In closing, I’ll just say that whoever originally owned this book put a sticker on the inside cover, featuring his name typed below a printed picture of an angry-looking imp, wearing a peaked cap, sitting legs folded on a stool while poring over an oversized book. Highly creepy.

And Now a Word from Our Sponsor

[Thursday night 6/29.—ed.]

This weekend’s packing and moving process is brought to you by the Cooperstown Brewing Company’s "Benchwarmer Porter." Benchwarmer Porter: taking the sting out of having to pack and move since 2006!

Tasty too. Dusky, almost chocolatey low register & a nice substantial texture.

The best part about drinking beer while you’re packing up is that you realize, Hey, This is totally something I can do like tomorrow or early Saturday. And so shall it be.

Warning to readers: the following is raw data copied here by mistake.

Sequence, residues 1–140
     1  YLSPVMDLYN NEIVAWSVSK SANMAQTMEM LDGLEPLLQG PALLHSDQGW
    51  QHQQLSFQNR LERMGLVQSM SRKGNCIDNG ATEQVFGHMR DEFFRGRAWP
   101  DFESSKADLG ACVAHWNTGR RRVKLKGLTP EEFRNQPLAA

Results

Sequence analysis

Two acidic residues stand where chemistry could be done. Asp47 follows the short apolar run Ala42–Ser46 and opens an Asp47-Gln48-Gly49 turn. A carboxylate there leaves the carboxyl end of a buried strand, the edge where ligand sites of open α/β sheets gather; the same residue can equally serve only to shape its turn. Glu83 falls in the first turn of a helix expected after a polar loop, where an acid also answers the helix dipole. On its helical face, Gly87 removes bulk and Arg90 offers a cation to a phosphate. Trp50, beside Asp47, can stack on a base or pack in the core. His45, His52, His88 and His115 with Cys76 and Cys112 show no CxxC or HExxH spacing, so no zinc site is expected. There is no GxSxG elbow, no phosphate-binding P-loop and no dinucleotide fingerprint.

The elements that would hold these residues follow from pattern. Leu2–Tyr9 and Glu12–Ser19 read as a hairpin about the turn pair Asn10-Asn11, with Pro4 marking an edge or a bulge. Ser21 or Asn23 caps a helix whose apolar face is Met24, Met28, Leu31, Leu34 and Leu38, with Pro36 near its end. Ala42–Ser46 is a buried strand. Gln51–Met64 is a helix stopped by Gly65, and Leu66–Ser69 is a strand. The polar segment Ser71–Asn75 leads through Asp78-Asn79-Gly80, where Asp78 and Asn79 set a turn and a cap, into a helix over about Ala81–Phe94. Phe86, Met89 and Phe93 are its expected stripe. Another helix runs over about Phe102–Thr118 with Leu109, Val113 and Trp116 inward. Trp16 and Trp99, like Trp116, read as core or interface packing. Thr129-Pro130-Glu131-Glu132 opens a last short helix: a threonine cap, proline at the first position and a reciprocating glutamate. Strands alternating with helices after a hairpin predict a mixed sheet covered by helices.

Speaking of actual benchwarmers, my week-long streak of ignoring the Pirates ended today at the gym, where the TVs set to ESPN were showing highlights of their day game against the White Sox. Freddy Sanchez won the game with a walk-off homer, after the Bucs blew a late lead. Apparently this was the end of a 13-game losing streak. I knew that no longer paying attention to the Pirates was a good thing – and I really mean that, it’s been a noticeable weight off my shoulders – but I had no idea it was this much better than the alternative.

Strange behavior from the Green Car tonight: the battery appeared to die when I tried to start it this evening, but while I was sitting in the car weighing my options (see below), the interior lights came back on. So I tried to start it again, and again it failed; but the third time I waited for about 10 minutes after the lights reappeared, and it started just fine. Is this battery behavior? I would have thought the battery would just die once & be done with it.